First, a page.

Born in Queens, New York, and growing up in the Bronx, New York, Jenkins was the child of a day care worker (her mother) and a store manager (her father). She attended a private all-girls high school in New York where she excelled at academics and athletics, and graduated in 1978. After graduation, Jenkins moved to Massachusetts to attend Amherst College.
Jenkins graduated from Amherst in 1982 and later enrolled in law school at Albany Law School. While in law school, she wanted a greater challenge, so she enlisted in the U.S. Air Force Reserves in 1986. She served for six years as a paralegal at bases in Massachusetts and at Andrews Air Force Base near Washington, D.C. In 1992 she applied for a direct officer commission into the U.S. Naval Reserve for which she was accepted and ultimately rose to lieutenant commander.
Near the end of law school, Jenkins won a prestigious Presidential Management Fellowship (PMF), working at the Pentagon and the State Department with the U.S. Arms Control Disarmament Agency. Her duties included traveling abroad with U.S. ambassadors and delegations as a legal advisor and counselor on negotiations for key arms control and nonproliferation treaties, ultimately doing so as a legal advisor for nine years.
Jenkins has also served as legal advisor to several important congressionally established commissions, including the Commission to Assess the Organization of the Federal Government to Combat Proliferation of Weapons of Mass Destruction, established in 1999, and as a consultant to the 2000 National Commission on Terrorism. She also served as counsel to the National Commission on Terrorist Attacks Upon the United States, commonly known as the 9/11 Commission, from 2004 to 2004.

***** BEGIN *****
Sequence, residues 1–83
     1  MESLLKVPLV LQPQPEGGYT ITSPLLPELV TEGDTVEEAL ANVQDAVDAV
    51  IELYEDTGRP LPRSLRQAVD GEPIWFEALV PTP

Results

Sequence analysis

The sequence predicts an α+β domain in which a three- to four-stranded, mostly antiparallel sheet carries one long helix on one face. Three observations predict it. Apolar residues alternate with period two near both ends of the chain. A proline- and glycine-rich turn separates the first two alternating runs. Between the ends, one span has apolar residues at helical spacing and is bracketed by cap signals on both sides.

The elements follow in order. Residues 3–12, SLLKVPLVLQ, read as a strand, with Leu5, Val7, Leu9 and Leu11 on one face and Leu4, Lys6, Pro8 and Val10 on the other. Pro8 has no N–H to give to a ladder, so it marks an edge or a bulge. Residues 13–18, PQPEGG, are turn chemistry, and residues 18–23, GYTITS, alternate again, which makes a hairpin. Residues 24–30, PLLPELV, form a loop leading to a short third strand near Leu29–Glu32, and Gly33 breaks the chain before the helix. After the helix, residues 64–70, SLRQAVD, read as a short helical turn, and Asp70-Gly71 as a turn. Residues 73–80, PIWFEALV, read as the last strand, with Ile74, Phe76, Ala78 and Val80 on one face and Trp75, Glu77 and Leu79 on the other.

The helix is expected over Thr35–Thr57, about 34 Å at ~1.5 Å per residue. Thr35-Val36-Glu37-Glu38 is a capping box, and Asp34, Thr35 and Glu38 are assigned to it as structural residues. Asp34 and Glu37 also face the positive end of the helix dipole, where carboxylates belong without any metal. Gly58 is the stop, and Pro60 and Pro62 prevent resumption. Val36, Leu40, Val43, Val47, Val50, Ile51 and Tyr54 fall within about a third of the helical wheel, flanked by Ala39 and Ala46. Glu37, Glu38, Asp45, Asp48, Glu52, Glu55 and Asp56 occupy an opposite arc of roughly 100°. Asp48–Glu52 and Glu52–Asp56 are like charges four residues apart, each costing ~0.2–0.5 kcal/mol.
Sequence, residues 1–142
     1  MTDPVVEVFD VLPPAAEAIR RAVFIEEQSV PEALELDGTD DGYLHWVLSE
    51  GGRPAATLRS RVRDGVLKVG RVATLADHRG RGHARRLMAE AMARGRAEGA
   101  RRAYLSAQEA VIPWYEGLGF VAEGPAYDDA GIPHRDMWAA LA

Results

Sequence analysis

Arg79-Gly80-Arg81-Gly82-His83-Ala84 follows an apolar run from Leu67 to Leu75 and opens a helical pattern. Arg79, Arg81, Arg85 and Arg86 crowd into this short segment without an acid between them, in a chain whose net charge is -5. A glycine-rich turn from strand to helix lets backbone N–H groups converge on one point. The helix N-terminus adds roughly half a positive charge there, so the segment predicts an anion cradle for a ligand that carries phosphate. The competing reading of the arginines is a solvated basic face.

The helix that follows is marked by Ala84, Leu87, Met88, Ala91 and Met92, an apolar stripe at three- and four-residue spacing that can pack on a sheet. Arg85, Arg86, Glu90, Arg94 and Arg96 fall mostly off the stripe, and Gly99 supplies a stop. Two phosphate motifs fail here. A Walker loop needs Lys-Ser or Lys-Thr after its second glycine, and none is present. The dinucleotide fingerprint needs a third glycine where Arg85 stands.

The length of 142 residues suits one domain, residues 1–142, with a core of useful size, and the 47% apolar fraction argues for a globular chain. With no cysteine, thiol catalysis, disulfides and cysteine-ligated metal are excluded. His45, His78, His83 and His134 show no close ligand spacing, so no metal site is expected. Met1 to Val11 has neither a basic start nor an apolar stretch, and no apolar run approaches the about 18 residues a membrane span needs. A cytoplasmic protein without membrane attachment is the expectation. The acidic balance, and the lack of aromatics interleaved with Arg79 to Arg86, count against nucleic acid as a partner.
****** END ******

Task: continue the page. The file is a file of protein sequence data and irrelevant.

Beginning in 2004, Jenkins worked as a program officer for U.S. Foreign and Security Policy at the Ford Foundation where she was responsible for strengthening public engagement in U.S. foreign and security policy formulation as well as funding programs related to peacekeeping, women in conflict, and natural resource priorities. She also oversaw the foundation’s efforts to support nongovernmental organizations working in areas related to security.
In March 2006, despite preparing to retire after twenty years in military service, Jenkins received notice that she would be deployed to Iraq for active duty as a Naval Reserve Officer. Her assignment was changed, however, and instead she was sent to the U.S. Central Command (CentComm) in Tampa, Florida, which oversaw U.S. military operations in Afghanistan, Iraq, Lebanon, Pakistan, Somalia, Sudan, and Syria. Jenkins served at CentComm for one year and then retired from Reserve duty and returned to the Ford Foundation until 2009.
Given her extensive background in military strategy, diplomacy, and terrorism security, in 2009, President Barack Obama nominated Jenkins as coordinator of Threat Reduction Programs with the rank of ambassador. She was confirmed by the U.S. Senate in June 2009 and assumed her duties immediately in the U.S. Department of State’s Bureau of International Security and Nonproliferation. As coordinator, Ambassador Jenkins is responsible for coordinating the State Department’s assistance programs to other countries, aimed at reducing nuclear, chemical, biological, and missile threats. She is also the department’s lead liaison to the White House on its preparation for the Nuclear Security Summits.
Ambassador Jenkins’s formal education includes: a bachelor’s degree from Amherst College (1982); a juris doctor (JD) from Albany Law School (1988); a Master’s of Public Administration from the University of Albany, State University of New York (1988); a master’s (LL.M.) in law from Georgetown University (1995); and a doctorate (Ph.D.) in international relations from the University of Virginia (2005).